Wednesday, March 19, 2014

Attention Span Getting Ever Shorter

In moments of total fatigue or desperation I sometimes play Solitaire on my iPhone, the game subject to intermittent interruptions by unwelcome ads.  Try as I may I cannot locate the SkipIt button in time to avoid at least 3 seconds of flicker.

I am astonished at the amount of activity/change/implied plot can be contained in those 3 seconds.  They attest to an ever decreasing span of attentiveness to the moving image and, I suspect, to every other form of content.

Perhaps the hardest form of motion to take in is the vibration of living sound.  Everything conspires against noticing it and taking it seriously.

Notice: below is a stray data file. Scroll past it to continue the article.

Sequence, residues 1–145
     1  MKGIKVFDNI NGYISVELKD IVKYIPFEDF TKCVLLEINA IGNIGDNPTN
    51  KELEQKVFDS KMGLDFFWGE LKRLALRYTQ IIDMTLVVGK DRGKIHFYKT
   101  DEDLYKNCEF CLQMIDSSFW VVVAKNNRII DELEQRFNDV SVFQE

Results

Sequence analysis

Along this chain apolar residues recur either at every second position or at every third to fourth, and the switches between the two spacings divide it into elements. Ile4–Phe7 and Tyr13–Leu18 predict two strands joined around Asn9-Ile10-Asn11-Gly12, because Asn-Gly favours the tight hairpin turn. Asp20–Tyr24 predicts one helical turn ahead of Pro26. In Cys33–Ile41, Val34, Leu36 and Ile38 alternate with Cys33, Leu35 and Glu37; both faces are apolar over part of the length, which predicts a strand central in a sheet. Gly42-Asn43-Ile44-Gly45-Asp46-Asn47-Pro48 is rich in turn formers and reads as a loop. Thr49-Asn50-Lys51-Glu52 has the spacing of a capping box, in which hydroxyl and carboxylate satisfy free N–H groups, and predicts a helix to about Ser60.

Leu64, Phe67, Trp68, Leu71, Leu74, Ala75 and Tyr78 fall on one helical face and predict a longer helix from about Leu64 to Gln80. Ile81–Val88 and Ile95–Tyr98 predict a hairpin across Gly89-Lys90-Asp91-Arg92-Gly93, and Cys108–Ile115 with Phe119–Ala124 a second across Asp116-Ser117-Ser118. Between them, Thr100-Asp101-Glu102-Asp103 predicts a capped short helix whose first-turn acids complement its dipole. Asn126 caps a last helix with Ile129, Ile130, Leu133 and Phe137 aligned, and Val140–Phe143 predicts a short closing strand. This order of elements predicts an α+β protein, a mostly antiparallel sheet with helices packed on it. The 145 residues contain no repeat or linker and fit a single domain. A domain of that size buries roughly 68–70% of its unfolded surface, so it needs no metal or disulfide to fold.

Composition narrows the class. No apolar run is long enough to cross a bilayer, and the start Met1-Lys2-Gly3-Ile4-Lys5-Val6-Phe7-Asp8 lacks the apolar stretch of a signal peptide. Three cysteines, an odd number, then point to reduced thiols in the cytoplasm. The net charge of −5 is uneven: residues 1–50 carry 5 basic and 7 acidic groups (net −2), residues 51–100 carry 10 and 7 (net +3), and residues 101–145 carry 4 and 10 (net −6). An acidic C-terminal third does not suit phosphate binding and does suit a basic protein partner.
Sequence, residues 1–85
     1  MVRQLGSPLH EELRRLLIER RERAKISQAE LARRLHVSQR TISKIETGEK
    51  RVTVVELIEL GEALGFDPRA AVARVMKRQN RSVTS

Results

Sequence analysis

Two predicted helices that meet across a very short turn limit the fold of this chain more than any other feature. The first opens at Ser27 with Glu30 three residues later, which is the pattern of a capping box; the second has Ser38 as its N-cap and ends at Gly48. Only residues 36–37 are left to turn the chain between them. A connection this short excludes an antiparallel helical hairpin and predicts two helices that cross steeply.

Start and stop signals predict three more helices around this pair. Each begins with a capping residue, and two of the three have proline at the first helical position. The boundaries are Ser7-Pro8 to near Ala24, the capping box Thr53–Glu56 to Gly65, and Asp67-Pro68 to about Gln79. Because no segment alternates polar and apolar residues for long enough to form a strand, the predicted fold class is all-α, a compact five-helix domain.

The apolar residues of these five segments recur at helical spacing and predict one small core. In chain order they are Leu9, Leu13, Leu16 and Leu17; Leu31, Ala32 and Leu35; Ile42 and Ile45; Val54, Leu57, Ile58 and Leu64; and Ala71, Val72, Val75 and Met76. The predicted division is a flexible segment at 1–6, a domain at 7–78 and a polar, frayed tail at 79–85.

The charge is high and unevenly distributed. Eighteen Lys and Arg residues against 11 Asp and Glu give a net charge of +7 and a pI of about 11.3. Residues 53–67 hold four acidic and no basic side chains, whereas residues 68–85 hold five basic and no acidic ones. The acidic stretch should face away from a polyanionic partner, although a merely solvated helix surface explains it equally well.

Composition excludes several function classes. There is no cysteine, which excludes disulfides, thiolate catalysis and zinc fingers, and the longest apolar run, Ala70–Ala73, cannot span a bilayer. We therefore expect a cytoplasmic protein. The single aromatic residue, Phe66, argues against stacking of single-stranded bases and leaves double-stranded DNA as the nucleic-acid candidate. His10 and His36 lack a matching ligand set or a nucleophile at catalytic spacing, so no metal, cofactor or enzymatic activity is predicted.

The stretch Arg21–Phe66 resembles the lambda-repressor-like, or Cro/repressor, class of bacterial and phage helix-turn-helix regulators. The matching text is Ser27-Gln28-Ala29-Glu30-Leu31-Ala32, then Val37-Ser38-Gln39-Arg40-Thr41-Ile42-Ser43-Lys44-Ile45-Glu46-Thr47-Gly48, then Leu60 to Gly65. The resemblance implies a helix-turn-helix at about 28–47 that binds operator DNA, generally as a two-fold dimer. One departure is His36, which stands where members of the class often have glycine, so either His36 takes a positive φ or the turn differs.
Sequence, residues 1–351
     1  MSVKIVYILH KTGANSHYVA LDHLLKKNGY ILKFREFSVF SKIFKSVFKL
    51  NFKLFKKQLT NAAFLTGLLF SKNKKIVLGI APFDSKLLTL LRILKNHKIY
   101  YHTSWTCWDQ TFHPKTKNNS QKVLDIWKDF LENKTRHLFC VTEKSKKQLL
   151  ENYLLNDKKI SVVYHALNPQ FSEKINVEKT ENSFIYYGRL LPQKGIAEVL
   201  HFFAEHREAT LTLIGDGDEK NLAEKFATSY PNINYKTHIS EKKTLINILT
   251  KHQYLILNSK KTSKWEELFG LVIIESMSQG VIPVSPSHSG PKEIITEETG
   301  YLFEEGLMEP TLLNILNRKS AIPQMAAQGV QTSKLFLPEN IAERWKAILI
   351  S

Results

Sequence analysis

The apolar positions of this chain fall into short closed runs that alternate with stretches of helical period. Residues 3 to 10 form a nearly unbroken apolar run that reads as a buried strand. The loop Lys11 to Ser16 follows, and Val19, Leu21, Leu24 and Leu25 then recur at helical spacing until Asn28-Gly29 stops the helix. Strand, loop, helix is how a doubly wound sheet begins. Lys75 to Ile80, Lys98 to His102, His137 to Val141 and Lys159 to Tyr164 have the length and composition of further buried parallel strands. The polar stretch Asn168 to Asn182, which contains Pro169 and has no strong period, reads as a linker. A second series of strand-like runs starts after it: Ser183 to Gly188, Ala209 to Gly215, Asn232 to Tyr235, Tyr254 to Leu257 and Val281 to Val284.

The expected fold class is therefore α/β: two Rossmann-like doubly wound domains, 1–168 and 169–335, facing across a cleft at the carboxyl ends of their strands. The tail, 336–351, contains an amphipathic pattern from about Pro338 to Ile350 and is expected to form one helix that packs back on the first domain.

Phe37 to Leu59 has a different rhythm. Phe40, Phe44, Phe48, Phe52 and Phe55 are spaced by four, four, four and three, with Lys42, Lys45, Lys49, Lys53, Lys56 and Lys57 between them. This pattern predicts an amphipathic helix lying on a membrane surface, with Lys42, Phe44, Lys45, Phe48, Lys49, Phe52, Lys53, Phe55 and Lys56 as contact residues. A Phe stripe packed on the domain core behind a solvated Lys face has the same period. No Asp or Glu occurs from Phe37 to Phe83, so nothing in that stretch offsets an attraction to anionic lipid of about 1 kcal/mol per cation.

I knew back in the early 60's before TV had ironized its grip on us all that this would be a challenge for anyone in the performing arts: How to program so that people would notice time passing rather than assume it in pre-packaged durations, like one side of a 33 rpm record.

So I began purposefully to program chamber music recitals which alternated not only styles but durations with works as long as 45 seconds juxtaposed with others more traditionally 45 minutes long.

The danger doesn't decrease.